Thursday, December 17, 2020

Hinnae a Heaney

What a shame that Seamus Heaney has been drawn into Northern Ireland's latest politicised controversy. In my normal day job, I had the immense privilege of working on the branding for what became Seamus Heaney HomePlace a few years ago. Of course his wonderful A Birl for Burns is oft-cited; I am thankful to David for directing me some time ago to Heaney's absolutely superb 1996 Burns's Art Speech. It is a diamond mine, of which this gleaming gem is merely one – 

"... I wrote a poem called 'Broagh' which could just as well have been entitled 'Och'. Its immediate subject was my recollection of an outlying part of our farm in the townland of Broagh on the banks of the River Moyola in Co. Derry, its poetic quest was to bring the three languages I've just mentioned – Irish, Elizabethan English and Ulster Scots – into some kind of creative intercourse and alignment, and thereby to intimate the possibility of some new intercourse and alignment among the cultural and political heritages which these three languages represent in Northern Ireland ..."

It is in many ways remarkable, another evidence for pre-GFA recognition of Ulster-Scots as a meaningful literary and vernacular tradition. Heaney's recollections of the renowned Scotsman Professor John Braidwood of Queens University (who I mentioned in this recent post about the 1986 Ballyrashane Primary School booklet Some Handlin') are insightful –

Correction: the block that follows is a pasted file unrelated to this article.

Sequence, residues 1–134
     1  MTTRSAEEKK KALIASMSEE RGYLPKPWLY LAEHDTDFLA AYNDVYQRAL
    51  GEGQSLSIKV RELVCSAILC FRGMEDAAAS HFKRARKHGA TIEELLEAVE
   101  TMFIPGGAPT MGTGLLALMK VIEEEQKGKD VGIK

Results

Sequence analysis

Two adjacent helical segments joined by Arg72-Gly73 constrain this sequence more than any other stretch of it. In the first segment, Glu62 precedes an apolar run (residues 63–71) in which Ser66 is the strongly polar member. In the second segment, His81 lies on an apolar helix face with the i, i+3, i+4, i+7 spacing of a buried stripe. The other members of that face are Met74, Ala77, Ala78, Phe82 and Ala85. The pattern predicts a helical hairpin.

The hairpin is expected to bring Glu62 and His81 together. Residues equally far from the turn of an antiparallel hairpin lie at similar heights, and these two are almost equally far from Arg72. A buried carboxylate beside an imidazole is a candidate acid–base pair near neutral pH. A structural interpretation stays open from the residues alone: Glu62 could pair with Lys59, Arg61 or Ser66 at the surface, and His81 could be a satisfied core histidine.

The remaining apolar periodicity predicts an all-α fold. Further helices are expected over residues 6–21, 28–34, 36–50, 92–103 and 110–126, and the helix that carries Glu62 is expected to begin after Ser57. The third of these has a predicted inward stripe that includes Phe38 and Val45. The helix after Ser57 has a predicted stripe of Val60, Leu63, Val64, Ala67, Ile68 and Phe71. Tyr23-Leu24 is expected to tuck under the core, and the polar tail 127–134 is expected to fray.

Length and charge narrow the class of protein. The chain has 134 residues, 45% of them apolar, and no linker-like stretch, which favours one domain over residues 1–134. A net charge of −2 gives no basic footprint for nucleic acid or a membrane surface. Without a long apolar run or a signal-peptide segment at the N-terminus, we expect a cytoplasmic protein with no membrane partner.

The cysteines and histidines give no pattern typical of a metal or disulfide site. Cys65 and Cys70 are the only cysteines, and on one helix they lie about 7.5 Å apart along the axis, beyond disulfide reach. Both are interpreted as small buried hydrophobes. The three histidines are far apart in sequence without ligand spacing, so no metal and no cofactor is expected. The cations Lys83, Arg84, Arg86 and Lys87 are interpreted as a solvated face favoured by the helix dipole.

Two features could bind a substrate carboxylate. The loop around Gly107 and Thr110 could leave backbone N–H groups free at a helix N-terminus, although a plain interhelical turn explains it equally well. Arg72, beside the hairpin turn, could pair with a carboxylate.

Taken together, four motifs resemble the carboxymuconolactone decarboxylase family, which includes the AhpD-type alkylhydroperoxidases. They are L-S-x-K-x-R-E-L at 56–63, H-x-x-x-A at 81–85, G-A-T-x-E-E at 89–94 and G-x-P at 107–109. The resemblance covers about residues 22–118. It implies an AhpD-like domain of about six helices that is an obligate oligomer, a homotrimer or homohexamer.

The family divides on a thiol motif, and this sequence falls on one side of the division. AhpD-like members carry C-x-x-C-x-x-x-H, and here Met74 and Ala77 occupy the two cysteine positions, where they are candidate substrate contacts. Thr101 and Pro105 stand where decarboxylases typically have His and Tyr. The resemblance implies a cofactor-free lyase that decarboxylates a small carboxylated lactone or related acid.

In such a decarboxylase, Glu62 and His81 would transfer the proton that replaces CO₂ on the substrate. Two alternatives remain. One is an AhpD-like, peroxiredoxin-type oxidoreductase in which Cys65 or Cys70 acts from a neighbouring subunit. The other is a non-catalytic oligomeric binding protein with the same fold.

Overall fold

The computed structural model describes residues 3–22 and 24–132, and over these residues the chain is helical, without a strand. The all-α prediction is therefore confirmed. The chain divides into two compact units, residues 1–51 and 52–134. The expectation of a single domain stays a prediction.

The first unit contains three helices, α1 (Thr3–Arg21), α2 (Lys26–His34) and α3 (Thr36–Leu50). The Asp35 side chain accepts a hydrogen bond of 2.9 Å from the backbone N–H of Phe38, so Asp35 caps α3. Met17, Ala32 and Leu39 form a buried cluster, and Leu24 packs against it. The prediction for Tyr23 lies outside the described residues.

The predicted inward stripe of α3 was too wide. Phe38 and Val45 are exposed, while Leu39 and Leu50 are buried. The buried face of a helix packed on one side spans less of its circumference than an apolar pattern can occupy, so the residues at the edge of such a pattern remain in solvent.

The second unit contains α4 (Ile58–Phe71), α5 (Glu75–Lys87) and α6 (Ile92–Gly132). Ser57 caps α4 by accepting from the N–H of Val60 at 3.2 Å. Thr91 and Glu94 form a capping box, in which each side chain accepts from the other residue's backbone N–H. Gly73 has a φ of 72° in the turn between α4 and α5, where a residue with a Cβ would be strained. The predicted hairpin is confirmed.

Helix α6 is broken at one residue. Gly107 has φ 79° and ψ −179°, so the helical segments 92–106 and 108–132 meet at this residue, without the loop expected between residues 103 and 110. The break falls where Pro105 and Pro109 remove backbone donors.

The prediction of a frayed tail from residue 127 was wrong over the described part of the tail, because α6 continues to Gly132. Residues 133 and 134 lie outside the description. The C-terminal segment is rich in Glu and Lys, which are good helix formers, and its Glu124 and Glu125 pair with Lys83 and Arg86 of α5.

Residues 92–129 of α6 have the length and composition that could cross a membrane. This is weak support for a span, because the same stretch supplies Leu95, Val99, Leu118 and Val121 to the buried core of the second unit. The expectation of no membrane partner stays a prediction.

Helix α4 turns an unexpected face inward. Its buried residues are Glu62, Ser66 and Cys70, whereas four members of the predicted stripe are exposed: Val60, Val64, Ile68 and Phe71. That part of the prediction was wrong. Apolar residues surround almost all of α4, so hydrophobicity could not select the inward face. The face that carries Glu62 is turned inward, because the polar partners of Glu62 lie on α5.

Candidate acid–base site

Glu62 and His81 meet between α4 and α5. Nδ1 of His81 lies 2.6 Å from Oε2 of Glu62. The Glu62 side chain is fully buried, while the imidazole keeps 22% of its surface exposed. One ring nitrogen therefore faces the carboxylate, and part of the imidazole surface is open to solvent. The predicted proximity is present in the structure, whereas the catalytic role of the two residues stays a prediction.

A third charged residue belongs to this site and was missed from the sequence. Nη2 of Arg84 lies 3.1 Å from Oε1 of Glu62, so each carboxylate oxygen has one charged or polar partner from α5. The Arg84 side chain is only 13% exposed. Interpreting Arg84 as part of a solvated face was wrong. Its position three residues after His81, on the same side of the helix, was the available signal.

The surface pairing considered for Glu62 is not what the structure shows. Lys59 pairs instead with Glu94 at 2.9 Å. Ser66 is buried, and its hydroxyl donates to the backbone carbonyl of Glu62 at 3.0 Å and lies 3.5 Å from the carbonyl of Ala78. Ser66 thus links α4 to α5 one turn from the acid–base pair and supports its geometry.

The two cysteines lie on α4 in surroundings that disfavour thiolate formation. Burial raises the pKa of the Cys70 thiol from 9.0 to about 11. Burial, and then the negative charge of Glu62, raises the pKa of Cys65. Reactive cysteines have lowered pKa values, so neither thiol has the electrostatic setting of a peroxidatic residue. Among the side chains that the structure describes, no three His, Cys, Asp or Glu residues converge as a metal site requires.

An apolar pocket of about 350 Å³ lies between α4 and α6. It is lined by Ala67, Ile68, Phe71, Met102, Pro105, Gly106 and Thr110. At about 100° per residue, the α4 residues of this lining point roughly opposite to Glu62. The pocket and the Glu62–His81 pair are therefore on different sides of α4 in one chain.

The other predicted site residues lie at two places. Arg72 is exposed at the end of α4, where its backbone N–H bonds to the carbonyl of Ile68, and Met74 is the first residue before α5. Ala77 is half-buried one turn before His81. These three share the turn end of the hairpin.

"A Scotsman with a Scots accent ... he not only came equipped with a perfect ear for the Ulster accents that he laboured among, but he also possessed an equally instinctive sense of the cultural, political and religious nuances that were often latent within those accents and idioms..."
The design team (of which I was not a part) who created the brilliant visitor interpretation at HomePlace installed a kinetic mobile of individual words over the central staircase, all gleaned from Heaney's work. I would say that around half of those are obviously Scots and Ulster-Scots in origin. 

In the rush to divide into 'mine' and 'yours', leading voices in society need to also seek the 'ours'. Ulster-Scots belonged to Seamus Heaney as much as it does to anyone else, his work and worldview belongs to us all.

• One of my marker sketches from the project is above, never used publicly, but part of the creative process that became HomePlace, his Conway Stewart pen, and signature.

• I'd recommend readers to have a look at the 1998 Nils Eskestad essay Negotiating the Canon; Regionality and the Impact of Education in Seamus Heaney's Poetry:

"... Heaney also finds that Braidwood occasionally offered 'a glimpse of the possibilities of escape from the entrapments of binary thinking. The Irish/English antithesis, the Celtic/Saxon duality, this was momentarily collapsed ..."

Scotsman Braidwood literally embodied that 'escape', because when properly articulated, Ulster-Scots is a challenge to the binary. This partly explains the hostility with which those of loud voices and limited understandings greet Ulster-Scots - it doesn't fit easily into the 'two tribes' model.

How dispiriting it is to see everything being gradually pulled down into the quicksands of our post-GFA now-institutionalised binary mindsets.

• The Biblical story of King Solomon springs to mind. Whoever is happy for the baby to be cut in half never loved it anyway. The policy buzzword might be 'shared future' but the political behaviour looks a lot like 'severed' or 'segregated'.